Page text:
I had the great pleasure of spending three hours with Durham College video students last month. My brief was storytelling 101. My premise, Aristotle rules! Aristotle says a good story is mimetic, based on the stuff of life. He identifies six story elements in order of importance.
Plot is tops. He is for causal links. Show, don’t tell. And, omg, no deus ex machina endings please.
He puts Thought, which means big ideas, second, followed by Character, Setting and Diction. For my video students the bad news was that Spectacle is last. Stories can live without pictures. I said don’t worry about it.
In his 335 BCE “The Poetics” Aristotle kicks Plato’s bottom side. The latter banned storytellers from his utopia, “The Republic”. Plato thought storytellers stirred the people up too much.
When Aristotle writes about his favourite story type, the tragedy, he praises the cathartic powers of storytellers and in doing so makes the ultimate argument for the value of art.
A tragedy is ”an imitation of an action that is serious, complete, and of a certain magnitude; in language embellished with each kind of artistic ornament, the several kinds being found in separate parts of the play; in the form of action, not of narrative; through pity and fear effecting the proper purgation of these emotions”.
He finds two other story types, epic and comedy but misses the dream structure we call a romance. A story is an epic if the hero defeats the enemy and restores harmony. In comedies two heroes fight, then fall in love and get married. The tragic hero is defeated but ennobled by his or her fall. A tragedy ends when the hero dies or goes into exile. A romance is a mixture of all of the above.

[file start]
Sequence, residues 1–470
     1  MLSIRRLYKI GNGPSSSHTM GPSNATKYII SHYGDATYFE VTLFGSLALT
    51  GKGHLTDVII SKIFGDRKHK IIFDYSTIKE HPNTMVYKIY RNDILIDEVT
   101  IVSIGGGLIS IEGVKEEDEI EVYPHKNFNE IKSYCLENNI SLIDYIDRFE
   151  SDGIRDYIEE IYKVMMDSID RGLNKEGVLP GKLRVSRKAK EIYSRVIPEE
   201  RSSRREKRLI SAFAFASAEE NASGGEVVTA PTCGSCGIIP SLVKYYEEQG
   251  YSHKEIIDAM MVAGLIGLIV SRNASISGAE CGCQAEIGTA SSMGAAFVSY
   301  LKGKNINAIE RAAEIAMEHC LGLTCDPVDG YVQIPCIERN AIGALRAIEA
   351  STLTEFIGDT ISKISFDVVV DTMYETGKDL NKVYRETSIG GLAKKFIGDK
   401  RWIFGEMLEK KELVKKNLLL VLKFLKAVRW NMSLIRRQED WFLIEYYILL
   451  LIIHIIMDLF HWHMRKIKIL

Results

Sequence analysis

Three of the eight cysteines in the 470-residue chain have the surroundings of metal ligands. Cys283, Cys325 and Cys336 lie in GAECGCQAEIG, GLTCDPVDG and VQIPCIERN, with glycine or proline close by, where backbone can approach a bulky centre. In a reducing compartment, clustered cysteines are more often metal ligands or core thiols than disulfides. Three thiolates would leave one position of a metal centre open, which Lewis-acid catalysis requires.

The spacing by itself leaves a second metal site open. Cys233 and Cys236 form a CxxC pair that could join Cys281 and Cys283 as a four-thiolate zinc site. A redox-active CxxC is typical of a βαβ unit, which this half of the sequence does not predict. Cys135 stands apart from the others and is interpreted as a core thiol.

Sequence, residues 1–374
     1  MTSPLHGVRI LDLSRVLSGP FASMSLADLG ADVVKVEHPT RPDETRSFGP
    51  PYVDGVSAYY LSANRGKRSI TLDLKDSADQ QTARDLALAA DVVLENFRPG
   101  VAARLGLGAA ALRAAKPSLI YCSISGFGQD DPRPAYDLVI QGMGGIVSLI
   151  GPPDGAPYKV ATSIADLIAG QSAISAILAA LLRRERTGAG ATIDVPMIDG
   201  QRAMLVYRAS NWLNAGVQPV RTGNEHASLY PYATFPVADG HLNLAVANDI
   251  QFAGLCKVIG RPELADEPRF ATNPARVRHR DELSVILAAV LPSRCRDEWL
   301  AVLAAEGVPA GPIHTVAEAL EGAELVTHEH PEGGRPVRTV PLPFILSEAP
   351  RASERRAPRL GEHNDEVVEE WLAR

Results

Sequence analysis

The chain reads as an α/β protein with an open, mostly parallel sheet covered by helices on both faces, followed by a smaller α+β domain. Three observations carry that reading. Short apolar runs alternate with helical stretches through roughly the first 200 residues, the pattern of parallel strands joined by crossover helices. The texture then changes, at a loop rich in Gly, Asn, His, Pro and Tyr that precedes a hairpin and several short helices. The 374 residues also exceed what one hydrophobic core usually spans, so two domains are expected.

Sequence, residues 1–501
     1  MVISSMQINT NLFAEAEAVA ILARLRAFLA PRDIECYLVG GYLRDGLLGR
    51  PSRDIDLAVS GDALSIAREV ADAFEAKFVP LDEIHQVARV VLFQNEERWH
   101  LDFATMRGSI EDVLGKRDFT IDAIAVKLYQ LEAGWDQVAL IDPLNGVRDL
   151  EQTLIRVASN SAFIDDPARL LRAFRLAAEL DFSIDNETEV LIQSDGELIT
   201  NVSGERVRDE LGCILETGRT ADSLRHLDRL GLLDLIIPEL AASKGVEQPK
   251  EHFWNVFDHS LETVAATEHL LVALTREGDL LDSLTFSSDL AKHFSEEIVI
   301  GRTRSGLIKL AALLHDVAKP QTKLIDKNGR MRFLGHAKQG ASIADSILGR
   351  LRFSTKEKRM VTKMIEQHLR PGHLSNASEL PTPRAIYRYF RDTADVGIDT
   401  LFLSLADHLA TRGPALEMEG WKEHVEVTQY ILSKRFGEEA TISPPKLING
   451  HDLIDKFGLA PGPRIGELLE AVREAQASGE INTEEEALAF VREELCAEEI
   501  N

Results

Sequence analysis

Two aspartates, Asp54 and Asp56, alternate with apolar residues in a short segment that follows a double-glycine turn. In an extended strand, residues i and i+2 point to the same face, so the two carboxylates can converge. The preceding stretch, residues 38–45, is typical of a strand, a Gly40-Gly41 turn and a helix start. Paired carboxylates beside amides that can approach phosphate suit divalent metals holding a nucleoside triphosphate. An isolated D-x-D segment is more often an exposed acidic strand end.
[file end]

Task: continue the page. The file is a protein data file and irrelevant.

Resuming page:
Everything said about stories since Aristotle is more or less an add-on to the house he built.
With this solid background the students turned to some tales told by the most exquisite storytellers of our post-literate, anti-heroic times.
“I like Ike”, the first national TV ad (from 1952) for a presidential candidate is an epic. The students didn’t know that Eisenhower won the War but got that he was a hero and with him leading an ever-growing (all white) parade, with a few donkeys (Democrats) going the wrong way, the sun would shine, once again, on the White House.
I like Ike
Dwight D. Eisenhower, 1952
The students knew the ascending young hero riding the correlative in the “Escalator”.
Justin Trudeau, Sept. 2015
The Romance story type is not common in political ads. Its use in “Yes we can” made for one of the most powerful ads of our times,
Yes We Can
Barak Obama in New Hampshire Feb. 2008
There are no tragedies. In politics tragic heroes don’t sell
Funny comedy is rare in political ads. Too many people won’t get the humour. But, if you are a Republican running in a heavily Democrat county, comedy can be helpful. Ask Gerald’s wife.
Please Re-Elect Gerald
2016, Travis County Commissioner Gerald Daugherty
Hilary Clinton’s beautifully crafted ad is a classic comedy.
Hillary Clinton, Sept. 2016
Once again an epic hero wins the day. Alas.
Donald J. Trump, Sept. 2016
With the beginning, middle (muddle) and ending done, but not necessarily in that order, the class concluded. Bells rang. The clock was unbeaten.
Written by Jim Goss on June 9, 2017.